The spacing of the septum valve from the proximal wall of the housing can be addressed with different embodiments of the invention. In one case, the entire septum valve is spaced distally from the proximal wall of the housing. This makes it impossible for the valve to stretch into the critical space between the instrument and the opening. Alternatively, the septum valve can be mounted with its circumferential portions in close proximity to the proximal wall but with an annular flange axially spacing the central portions of the septum valve from the opening. This annular flange, which can be formed on the housing or the septum valve, divides the valve into circumferential portions and central portions which define the opening in the valve. As long as the annular flange has an axial length greater than the stretch potential of the central portions of the valve, the septum valve can not extend into the critical space.
In one aspect of the invention, a trocar is adapted to form a seal around a surgical instrument having an outer surface. The trocar comprises a cannula having an axis extending between a proximal end and a distal end. A housing disposed at the proximal end forms with the cannula a working channel which is sized and configured to receive the instrument. An elastomeric septum valve is disposed in the housing and extends transverse to the axis across the working channel. Portions of the septum valve define a hole having a diameter less than the diameter of the outer surface of the instrument, so that during insertion of the instrument the septum valve forms a seal with the outer surface of the instrument. These portions of the septum valve are configured to exert a first force on the instrument when it is inserted into the working channel of the trocar, and to exert a second force on the instrument when it is withdrawn from the working channel of the trocar. The first insertion force is less than the second withdrawal force.
In an additional aspect of the invention, a trocar is adapted to form a seal around a surgical instrument and comprises a cannula having an axis extending between a proximal end and a distal end. A housing having a proximal wall defining a hole, forms with the cannula a working channel sized and configured to receive the instrument. A septum valve, which is disposed in the housing and extends transverse to the axis, has a normal state when the instrument is absent from the working channel and a stretched state when the instrument is withdrawn from the working channel. A spacer extending between the proximal wall of the housing and the septum valve engages the septum valve at a particular position along the valve. This portion of engagement separates the septum valve into an inner portion, which is adapted to form a seal with the instrument, and an outer portion, which is adapted to form a seal with the housing. The spacer has an axial length sufficient to space the particular position of the septum valve from the portions of the proximal wall a distance which is greater that the radial length of the inner portions of the septum valve in the stretched state. In this manner, the spacer prevents the septum valve from reaching the hole in the proximal wall when the instrument is withdrawn.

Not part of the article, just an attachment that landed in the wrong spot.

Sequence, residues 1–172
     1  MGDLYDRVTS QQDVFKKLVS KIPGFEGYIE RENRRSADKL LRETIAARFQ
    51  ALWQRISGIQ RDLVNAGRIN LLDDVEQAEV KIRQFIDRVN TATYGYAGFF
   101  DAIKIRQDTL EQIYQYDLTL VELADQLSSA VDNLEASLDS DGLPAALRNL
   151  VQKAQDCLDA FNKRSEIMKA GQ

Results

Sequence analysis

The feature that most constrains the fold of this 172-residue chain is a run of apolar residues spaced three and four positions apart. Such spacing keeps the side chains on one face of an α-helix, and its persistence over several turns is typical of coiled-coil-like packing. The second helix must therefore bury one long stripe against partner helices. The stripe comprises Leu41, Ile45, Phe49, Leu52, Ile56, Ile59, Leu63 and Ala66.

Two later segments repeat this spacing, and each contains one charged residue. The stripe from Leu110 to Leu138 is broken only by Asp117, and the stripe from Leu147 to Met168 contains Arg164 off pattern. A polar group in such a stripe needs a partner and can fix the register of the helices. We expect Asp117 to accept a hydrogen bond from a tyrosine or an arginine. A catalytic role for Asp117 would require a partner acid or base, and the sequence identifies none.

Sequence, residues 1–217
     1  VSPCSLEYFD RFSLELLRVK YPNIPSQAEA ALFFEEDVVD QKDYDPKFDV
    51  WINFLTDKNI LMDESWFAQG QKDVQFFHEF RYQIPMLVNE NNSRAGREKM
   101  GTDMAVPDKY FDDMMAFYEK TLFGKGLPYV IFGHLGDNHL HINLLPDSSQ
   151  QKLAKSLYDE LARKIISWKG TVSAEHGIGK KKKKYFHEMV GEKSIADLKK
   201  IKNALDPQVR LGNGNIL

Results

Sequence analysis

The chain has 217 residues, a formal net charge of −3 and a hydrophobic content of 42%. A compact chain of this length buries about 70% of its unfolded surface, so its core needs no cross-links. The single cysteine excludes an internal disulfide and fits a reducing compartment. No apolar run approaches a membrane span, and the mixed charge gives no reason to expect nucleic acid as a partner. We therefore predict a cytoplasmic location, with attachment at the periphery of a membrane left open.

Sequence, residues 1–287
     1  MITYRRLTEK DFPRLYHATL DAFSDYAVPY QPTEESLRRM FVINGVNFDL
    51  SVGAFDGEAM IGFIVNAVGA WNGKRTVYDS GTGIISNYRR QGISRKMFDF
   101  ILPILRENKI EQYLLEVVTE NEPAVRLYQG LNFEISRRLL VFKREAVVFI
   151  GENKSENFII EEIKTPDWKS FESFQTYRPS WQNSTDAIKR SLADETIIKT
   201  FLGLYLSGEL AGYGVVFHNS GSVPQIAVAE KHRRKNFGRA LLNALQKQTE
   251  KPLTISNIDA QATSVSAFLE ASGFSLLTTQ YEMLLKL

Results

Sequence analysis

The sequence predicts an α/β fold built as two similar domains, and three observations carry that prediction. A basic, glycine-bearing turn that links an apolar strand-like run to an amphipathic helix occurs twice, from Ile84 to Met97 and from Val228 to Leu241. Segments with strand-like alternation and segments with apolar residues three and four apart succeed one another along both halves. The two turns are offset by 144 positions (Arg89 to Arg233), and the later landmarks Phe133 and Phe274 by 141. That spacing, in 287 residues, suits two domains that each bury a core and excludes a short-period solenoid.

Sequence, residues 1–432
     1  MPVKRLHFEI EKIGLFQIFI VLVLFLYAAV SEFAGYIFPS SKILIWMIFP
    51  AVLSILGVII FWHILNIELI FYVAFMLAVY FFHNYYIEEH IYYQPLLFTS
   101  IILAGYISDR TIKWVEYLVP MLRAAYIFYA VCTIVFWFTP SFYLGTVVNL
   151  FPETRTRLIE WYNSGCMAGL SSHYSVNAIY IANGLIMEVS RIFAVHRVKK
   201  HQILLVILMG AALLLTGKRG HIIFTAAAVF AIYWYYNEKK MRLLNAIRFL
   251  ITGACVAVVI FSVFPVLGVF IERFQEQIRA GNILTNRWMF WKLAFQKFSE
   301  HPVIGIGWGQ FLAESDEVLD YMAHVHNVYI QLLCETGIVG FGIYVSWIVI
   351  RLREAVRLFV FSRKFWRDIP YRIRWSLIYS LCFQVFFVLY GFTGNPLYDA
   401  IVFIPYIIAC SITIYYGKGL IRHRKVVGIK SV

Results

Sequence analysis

In a further aspect of the invention, the septum valve has a normal state when the instrument is absent from the working channel and has a stretched state when the instrument is being withdrawn from the working channel. Portions of the proximal wall, which define a hole sized and configured to receive the instrument. An inner edge of the septum valve defines a hole and forms a seal with the surgical instrument. An outer edge of the septum valve, which forms a seal with the housing, is disposed circumferentially of the inner edge and is separated from the inner edge by a first distance when the septum valve is in a stretched state. The outer edge of the septum valve is spaced from the portions of the proximal wall a second distance which is greater than the first distance. This assures that the septum valve is sufficiently spaced from the hole in the proximal wall to prevent binding when the instrument is withdrawn. Outer portions of the septum valve, disposed circumferentially of the inner portions, form a seal with the housing. The outer portions are spaced from the inner portions a first distance when the septum valve is in a stretched state. The outer portions of the septum valve are spaced from the portions of the proximal wall a second distance which is greater than the first distance to prevent the septum valve from reaching the hole in the proximal wall when the instrument is being withdrawn.
These and other features and advantages of the invention will become more apparent with a discussion of preferred embodiments and the best mode of the invention, and reference to the associated drawings.
FIG. 1 is an axial cross-section view of a surgical instrument approaching a trocar having a cannula, a valve housing, and a septum valve associated with the present invention;
FIG. 2 is an axial cross-section view of a septum valve and housing associated with the prior art;
FIG. 3 is an axial cross-section view similar to FIG. 1 and illustrating operation of the valve during removal of an instrument;
FIG. 3A is an axial cross-section view illustrating an enlarged section of FIG. 3;
FIG. 4 is an axial cross-section view of a septum valve of the present invention having a generally flat configuration;